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    Impact of hydrological variations on modeling of peatland CO2 fluxes: results from the North American Carbon Program site synthesis
    (American Geophysical Union, 2012) Sulman, Benjamin N.; Desai, Ankur R.; Schroeder, Nicole M.; Ricciuto, Daniel M.; Barr, Alan G.; Richardson, Andrew D.; Flanagan, Larry B.; Lafleur, Peter M.; Tian, Hanqin; Chen, Guangsheng; Grant, Robert F.; Poulter, Benjamin; Verbeeck, Hans; Ciais, Philippe; Ringeval, Bruno; Baker, Ian T.; Schaefer, Kevin; Luo, Yiqi; Wong, Ensheng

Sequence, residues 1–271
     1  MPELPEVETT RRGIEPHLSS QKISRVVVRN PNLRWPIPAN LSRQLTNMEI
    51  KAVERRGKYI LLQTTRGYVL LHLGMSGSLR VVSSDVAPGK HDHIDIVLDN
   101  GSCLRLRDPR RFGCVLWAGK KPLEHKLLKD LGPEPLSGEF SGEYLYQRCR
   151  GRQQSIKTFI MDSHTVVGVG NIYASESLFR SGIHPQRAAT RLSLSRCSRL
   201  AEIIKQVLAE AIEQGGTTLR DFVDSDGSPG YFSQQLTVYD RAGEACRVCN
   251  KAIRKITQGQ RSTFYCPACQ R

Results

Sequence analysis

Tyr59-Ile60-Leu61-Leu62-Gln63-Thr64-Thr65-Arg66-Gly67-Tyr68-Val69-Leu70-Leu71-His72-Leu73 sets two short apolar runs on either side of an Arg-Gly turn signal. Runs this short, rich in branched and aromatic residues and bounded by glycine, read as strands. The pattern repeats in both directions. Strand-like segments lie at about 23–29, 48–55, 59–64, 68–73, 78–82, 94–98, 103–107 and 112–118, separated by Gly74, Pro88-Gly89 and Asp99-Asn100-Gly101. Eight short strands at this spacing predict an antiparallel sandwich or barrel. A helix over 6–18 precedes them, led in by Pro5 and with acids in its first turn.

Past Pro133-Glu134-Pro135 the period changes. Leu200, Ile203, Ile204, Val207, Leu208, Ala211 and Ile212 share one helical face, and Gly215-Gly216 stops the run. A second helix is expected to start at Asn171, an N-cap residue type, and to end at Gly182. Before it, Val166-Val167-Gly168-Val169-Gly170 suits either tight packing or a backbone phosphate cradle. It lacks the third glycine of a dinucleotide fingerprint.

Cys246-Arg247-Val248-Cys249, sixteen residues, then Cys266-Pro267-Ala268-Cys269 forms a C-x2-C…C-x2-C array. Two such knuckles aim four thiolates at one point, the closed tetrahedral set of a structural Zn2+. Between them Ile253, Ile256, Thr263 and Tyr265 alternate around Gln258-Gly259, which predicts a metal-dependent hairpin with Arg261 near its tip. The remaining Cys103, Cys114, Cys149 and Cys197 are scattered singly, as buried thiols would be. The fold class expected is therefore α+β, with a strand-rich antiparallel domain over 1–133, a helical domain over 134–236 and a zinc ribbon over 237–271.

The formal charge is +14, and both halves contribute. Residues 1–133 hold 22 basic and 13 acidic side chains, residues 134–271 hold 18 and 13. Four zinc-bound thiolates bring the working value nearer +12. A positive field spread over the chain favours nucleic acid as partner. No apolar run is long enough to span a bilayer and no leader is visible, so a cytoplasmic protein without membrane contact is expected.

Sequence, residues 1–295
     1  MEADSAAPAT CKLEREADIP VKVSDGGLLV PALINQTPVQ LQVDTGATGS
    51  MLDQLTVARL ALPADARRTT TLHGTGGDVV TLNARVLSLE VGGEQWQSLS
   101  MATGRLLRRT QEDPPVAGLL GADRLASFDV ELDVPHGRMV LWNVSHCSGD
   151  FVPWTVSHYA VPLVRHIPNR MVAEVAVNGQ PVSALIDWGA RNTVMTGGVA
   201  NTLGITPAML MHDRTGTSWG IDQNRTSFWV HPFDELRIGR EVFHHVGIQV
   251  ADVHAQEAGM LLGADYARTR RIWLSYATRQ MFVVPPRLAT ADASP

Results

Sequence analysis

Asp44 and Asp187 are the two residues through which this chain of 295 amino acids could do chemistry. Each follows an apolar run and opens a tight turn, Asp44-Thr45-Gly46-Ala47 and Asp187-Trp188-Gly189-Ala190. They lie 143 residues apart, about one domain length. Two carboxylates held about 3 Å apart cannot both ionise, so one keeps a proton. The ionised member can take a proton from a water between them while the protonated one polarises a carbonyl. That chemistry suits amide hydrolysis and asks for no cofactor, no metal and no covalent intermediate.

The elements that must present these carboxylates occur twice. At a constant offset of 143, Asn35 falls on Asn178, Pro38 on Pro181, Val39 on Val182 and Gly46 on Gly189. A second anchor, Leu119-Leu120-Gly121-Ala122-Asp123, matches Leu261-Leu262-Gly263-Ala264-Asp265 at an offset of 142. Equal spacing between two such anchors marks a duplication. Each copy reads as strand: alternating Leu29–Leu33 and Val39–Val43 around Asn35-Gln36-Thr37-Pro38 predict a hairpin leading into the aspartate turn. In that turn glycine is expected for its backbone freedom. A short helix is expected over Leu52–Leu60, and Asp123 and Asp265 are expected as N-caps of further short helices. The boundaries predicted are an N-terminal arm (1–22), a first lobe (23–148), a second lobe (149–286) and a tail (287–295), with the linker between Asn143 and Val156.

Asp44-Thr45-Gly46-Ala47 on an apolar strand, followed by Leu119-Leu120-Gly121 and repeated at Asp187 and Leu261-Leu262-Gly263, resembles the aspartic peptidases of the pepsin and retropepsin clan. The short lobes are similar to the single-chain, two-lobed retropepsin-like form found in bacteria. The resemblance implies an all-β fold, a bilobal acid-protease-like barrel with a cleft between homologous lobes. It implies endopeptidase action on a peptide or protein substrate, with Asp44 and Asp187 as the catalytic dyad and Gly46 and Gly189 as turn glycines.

Northern peatlands are likely to be important in future carbon cycle-climate feedbacks due to their large carbon pools and vulnerability to hydrological change. Use of non-peatland-specific models could lead to bias in modeling studies of peatland-rich regions. Here, seven ecosystem models were used to simulate CO2 fluxes at three wetland sites in Canada and the northern United States, including two nutrient-rich fens and one nutrient-poor, sphagnum-dominated bog, over periods between 1999 and 2007. Models consistently overestimated mean annual gross ecosystem production (GEP) and ecosystem respiration (ER) at all three sites. Monthly flux residuals (simulated – observed) were correlated with measured water table for GEP and ER at the two fen sites, but were not consistently correlated with water table at the bog site. Models that inhibited soil respiration under saturated conditions had less mean bias than models that did not. Modeled diurnal cycles agreed well with eddy covariance measurements at fen sites, but overestimated fluxes at the bog site. Eddy covariance GEP and ER at fens were higher during dry periods than during wet periods, while models predicted either the opposite relationship or no significant difference. At the bog site, eddy covariance GEP did not depend on water table, while simulated GEP was higher during wet periods. Carbon cycle modeling in peatland-rich regions could be improved by incorporating wetland-specific hydrology and by inhibiting GEP and ER under saturated conditions. Bogs and fens likely require distinct plant and soil parameterizations in ecosystem models due to differences in nutrients, peat properties, and plant communities.